John Karr on 28 Sep 2009 14:23:34 -0700

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Re: [PLUG] correct way to do this in bash [sudo cp]

You can try "sudo su" to make your session a root session. 

-----Original Message-----
[] On Behalf Of JP Vossen
Sent: Monday, September 28, 2009 3:27 PM
Subject: Re: [PLUG] correct way to do this in bash [sudo cp]

> Date: Sun, 27 Sep 2009 09:15:30 -0700 (PDT)
> From: Bob Schwier <>
> I swiped this thread because I have a BASH question.  I'm using Ubantu
> 8.02 and I have a modest problem with BASH under SUDO.  I'm trying to 
> extract personal files from a hard drive that ran SUSE 7.0.  I do not 
> seem to be able to use wild cards to speed up the process.  I seem to 
> have to extract each file individually.

Short answer:
	sudo -s
	cp /your/files/here/* .

Long answer:

You will run into problems using sudo when doing certain things, for
	sudo cp /some/path/*
	sudo cat foo >> /something/your/user/can't/write/to

It's a shell issue, though I doubt it's restricted to bash.  The issue is
due to the order of command-line processing (Appendix C of _bash Cookbook_
which is taken from page 180+ in _Learning the bash Shell_). 
Basically, tokenization (including redirectors) then lots of expansions
(including wildcards) happen *before* the command actually runs.  IOW,
before sudo runs.  Remember that it's the *shell* that is doing wild-card
expansion, not the command.  So in your case it sounds like you are trying
to wild-card expand stuff your regular user doesn't have access to.  (That
same thing trips me up trying to 'sudo vi /etc/logcheck/{tab for filename
completion, which fails} all the time.)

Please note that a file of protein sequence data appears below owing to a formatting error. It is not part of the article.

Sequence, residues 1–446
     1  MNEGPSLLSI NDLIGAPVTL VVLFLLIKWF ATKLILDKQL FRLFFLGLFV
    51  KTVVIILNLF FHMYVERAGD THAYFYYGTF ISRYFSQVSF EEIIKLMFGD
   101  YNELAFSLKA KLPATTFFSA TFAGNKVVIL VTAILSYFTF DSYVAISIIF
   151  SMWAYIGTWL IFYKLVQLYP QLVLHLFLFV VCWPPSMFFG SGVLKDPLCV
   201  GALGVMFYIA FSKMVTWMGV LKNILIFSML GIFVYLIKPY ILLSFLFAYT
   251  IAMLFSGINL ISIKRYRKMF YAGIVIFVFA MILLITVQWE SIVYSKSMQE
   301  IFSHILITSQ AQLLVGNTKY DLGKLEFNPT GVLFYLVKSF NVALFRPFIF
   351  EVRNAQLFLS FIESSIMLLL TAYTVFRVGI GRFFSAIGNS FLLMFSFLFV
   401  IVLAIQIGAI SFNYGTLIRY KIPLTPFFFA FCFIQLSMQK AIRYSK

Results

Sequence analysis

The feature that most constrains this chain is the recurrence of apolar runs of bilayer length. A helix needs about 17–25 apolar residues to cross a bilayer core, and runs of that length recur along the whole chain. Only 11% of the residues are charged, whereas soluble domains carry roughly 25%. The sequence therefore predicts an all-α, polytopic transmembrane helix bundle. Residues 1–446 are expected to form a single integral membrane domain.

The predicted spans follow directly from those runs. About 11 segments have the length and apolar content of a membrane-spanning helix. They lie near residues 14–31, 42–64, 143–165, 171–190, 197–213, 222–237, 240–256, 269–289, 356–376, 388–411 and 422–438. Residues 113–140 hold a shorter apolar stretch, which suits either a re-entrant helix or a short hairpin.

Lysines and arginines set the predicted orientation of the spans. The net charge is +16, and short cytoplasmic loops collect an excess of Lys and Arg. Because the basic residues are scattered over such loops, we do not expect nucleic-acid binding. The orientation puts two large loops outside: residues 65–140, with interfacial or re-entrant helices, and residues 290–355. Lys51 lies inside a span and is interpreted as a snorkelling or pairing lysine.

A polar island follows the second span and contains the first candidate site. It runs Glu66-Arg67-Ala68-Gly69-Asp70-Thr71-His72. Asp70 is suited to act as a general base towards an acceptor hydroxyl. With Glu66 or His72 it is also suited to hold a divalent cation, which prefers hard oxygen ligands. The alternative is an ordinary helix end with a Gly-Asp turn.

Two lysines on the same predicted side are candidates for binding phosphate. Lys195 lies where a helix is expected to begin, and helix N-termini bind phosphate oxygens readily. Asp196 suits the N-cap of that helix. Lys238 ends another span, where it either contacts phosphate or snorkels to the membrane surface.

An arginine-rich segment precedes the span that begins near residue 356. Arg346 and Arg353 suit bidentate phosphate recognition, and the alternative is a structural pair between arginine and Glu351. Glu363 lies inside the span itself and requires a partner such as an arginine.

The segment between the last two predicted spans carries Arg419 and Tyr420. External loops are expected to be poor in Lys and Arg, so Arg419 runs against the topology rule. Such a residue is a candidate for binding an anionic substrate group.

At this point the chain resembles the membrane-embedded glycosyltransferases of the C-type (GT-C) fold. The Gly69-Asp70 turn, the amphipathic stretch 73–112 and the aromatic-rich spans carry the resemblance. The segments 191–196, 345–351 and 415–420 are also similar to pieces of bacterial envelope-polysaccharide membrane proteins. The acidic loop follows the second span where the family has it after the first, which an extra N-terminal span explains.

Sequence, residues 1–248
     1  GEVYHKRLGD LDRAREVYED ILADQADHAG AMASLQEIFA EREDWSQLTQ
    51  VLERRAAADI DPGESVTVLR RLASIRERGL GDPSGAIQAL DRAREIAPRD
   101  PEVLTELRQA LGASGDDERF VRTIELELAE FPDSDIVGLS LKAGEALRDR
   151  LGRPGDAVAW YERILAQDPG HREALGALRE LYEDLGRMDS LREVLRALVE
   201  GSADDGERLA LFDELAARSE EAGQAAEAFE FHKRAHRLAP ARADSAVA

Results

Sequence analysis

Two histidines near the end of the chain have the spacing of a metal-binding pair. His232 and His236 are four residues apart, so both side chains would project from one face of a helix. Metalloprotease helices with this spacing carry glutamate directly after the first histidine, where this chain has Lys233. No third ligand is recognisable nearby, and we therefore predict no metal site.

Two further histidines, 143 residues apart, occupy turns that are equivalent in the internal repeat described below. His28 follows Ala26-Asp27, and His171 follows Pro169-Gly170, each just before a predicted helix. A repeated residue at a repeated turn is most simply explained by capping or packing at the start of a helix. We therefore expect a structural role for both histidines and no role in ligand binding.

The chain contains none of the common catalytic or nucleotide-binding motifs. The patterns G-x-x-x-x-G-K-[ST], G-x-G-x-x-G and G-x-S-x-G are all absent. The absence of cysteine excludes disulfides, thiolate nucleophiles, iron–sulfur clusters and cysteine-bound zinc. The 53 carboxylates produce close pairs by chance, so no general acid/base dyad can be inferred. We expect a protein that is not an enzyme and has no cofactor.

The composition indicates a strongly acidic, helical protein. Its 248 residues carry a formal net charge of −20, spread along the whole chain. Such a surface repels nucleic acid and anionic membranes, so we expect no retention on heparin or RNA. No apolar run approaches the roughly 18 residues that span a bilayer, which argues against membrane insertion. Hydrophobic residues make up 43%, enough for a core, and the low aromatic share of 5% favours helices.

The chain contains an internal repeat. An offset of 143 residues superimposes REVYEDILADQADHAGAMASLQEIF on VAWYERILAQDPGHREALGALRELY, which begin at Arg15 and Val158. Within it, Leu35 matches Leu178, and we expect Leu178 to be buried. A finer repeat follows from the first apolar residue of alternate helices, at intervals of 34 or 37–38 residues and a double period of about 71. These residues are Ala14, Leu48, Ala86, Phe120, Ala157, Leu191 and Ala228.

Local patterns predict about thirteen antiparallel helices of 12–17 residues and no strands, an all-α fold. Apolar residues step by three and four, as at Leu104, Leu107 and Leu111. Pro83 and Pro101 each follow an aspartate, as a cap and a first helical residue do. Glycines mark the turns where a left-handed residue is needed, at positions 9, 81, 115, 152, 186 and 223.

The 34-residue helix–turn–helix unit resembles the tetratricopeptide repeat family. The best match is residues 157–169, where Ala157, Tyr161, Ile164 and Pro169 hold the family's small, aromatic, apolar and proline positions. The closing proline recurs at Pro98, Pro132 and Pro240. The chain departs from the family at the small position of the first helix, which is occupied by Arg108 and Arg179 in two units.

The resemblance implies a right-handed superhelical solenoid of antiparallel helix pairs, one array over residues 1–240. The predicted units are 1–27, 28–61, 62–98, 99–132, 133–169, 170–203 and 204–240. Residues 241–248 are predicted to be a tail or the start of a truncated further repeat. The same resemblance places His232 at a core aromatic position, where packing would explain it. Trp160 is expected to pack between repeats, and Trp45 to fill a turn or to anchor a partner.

There are three ways around this, depending on what you are doing.

1) sudo -s
2) sudo -c 'bash -c your_command_here'
3) command1 | sudo command2

#1 is easiest, but the effect is to give you a root prompt.  Thus you lose
sudo's command logging, and you need to remember you are now root, so be
careful and exit when you are finished!  (A decent $PS1 is very useful here

#2 can be a real pain to get quoted right.  Basically, you are running a
bash shell, which is running a command, all of which is sudo'd.  Get it? 

#3 only works if you are piping to another command you can sudo.  It won't
help for wildcards, filename completion, redirection, etc.

Honestly, if #3 won't obviously work I just do a 'sudo -s' then exit as soon
as I did whatever.


[1] This is the $PS1 I use.  You will either love it or hate it.  To test,
run a bash sub-shell (just type 'bash') and paste this in.  If you hate it,
just type exit to kill the sub-shell.
PS1='\n[\u@\h:T\l:L$SHLVL:C\!:J\j:\D{%Y-%m-%d_%H:%M:%S_%Z}]\n$PWD\$ '
JP Vossen, CISSP            |:::======|
My Account, My Opinions     |=========|
"Microsoft Tax" = the additional hardware & yearly fees for the add-on
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implemented self, while the overhead incidentally flattens Moore's Law.

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